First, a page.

A seemingly reticent but brilliant British producer, and a bawdy New York songstress, Joe Goddard of Hot Chip and Amy Douglas possess the underpinnings of a legendary pop duo. One is a master of electronic music; the other, a rock and jazz performer and a self-confessed “Brill-Building-nerd-level singer-songwriter.” But these two apparently disparate identities have plenty of overlap (a love of pop music and great songwriting being paramount) and they collide in a gloriously theatrical manner as HARD FEELINGS… Read more.
For most people, rice is a household staple—the basic yet completely essential ingredient to a host of dishes enjoyed all around the world. But to Crystal Lee Early and Natalie Mumford, the founders of 3 Women, the grain is also synonymous with fashion. Early and Mumford’s Long Beach, California brick-and-mortar store opened in 2018 as a vintage shop, until the duo started transforming repurposed textiles into a nostalgic clothing line. Using rice, flour and feed sacks, they revitalized food fabric waste into patchwork jackets, whimsical halter tops and other garments—with an aesthetic situated at the crossroads of contemporary styles… Read more.
When The Hole NYC opened the doors to artist Eric Shaw‘s bright, balanced and optimistic show Pure Mode (the inaugural exhibit at their new Tribeca location), there was a line of people waiting to step in. More than 10 years after the debut of their beloved Bowery location, The Hole welcomed people to their Tribeca destination just two weeks after founder Kathy Grayson signed the lease. It wasn’t a mad dash, however; it was a path toward new ideas and explorations with the gallery’s roster of artists. And, in many ways, it was a remedy to a gallery culture that shrunk substantially under the pandemic… Read more.
In a sun-drenched studio in Ridgewood, Queens, ceramicist Michelle Im imagines breeding birds and rats together—which she achieves through RATxCHICKS, the play-on-words name for an art project that engrosses objects in a wacky and wonderful world of unexpected animals. Zebras and rainbows, hippopotamuses and UFOs, goats and lemons, poodles and beachballs: these surprising pairings and more imbue the NYC-based artist’s pottery with whimsy. At Im’s studio, where she and her puppy Inky work to a soundtrack of rare techno, her reality-defying aesthetic feels fitting… Read more.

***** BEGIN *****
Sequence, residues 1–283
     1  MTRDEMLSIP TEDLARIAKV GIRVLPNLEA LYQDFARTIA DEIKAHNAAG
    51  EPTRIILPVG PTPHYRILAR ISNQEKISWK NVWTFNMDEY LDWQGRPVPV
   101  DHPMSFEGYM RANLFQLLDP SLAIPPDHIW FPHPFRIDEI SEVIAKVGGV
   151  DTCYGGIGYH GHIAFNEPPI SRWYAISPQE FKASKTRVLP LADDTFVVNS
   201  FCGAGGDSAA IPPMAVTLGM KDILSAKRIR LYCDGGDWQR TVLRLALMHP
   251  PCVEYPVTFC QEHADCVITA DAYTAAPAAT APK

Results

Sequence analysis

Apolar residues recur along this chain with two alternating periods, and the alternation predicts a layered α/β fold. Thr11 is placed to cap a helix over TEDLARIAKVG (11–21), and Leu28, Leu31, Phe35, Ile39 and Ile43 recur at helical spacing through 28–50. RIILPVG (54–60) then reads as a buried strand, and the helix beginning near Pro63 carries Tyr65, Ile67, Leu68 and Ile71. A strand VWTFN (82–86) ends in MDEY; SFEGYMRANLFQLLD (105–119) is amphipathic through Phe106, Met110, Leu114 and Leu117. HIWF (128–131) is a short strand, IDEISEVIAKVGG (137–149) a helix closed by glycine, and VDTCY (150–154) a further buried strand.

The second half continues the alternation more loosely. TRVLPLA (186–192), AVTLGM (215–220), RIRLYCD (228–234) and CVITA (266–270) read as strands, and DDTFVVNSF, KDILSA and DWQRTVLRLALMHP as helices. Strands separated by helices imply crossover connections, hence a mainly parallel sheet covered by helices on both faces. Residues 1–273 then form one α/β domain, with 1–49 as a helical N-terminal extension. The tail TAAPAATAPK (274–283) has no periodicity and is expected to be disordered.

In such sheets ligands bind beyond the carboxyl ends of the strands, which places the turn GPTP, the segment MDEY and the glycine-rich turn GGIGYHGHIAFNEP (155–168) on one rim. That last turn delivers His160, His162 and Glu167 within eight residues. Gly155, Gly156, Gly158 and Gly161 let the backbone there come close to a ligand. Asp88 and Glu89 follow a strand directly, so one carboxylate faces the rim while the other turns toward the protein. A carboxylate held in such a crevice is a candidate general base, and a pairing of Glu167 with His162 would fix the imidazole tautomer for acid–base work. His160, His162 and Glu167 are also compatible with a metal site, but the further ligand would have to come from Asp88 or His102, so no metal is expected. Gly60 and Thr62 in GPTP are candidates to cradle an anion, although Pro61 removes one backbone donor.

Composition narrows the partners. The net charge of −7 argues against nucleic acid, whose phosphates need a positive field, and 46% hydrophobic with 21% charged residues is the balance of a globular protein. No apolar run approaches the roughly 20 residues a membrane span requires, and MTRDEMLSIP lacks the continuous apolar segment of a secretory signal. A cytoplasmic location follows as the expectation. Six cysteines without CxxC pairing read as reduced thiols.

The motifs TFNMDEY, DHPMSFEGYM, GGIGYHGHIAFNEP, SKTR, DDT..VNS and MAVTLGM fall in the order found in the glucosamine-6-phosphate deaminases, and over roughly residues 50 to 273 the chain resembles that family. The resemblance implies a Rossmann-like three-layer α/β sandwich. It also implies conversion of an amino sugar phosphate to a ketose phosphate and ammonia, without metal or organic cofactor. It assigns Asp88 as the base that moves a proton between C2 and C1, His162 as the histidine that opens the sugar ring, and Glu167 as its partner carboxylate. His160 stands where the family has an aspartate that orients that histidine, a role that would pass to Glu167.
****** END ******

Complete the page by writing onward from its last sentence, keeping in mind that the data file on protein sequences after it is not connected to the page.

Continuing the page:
Emily Heath Rudman named the luxury beauty company she founded after her superhero alter ego, EMILIE HEATHE, a moniker she feels reflects minimalism and balance, with a nod to her love of comic books—which also infuses the independent brand’s surprising collaboration with the recently released feature film The Batman. It’s the realization of a longtime dream for the founder, who thinks of her brand as a series of “elevated essentials, little luxuries,” she tells us… Read more.
In April 2008, Chrissy Angliker made a mistake that would go on to become the defining technique of her texturally luscious paintings. The accident—a glob of ink that was too thick and dripped down the canvas—sparked in Angliker an acquiescence to the unexpected. Striving to strike a balance between chaos and control, the Brooklyn-based Swiss American artist began dripping and dolloping paint onto the canvas—a process that expanded to spooning and smearing in her newest exhibition Crazy says the Daisy, on view now at New York’s Massey Klein Gallery… Read more.
A spectacular display of art and technology, artist and architect Suchi Reddy‘s “me + you” sculpture bursts with light, color and collective emotion in the central rotunda of the Smithsonian Institution Arts and Industries Building. The architecturally significant museum—which opened on the National Mall in Washington, DC in 1881—closed in 2004. It now reopens with an awe-inspiring exhibition called FUTURES, where Reddy’s work plays a pivotal role. Underscoring the glowing, interactive artwork is the concept that our emotions contribute to the world around us… Read more.
In 2013—during the conflict that displaced millions of Syrian people, around a million of whom sought refuge in Lebanon—Manal Kahi left Beirut for NYC to attend graduate school. She planned to work in multilateral or environmental affairs, but her concern about the crisis back home and her dissatisfaction with grocery store hummus (clearly two very different issues) started her on a different journey. “You can only imagine the amount of discrimination that was ensuing,” Kahi tells us about the influx of refugees in her homeland. “And I had left, with a little bit of guilt in the back of my mind about not being able to do anything. But there it was,” she says, “when I started thinking…” Read more.
Hero image by Kelly Pau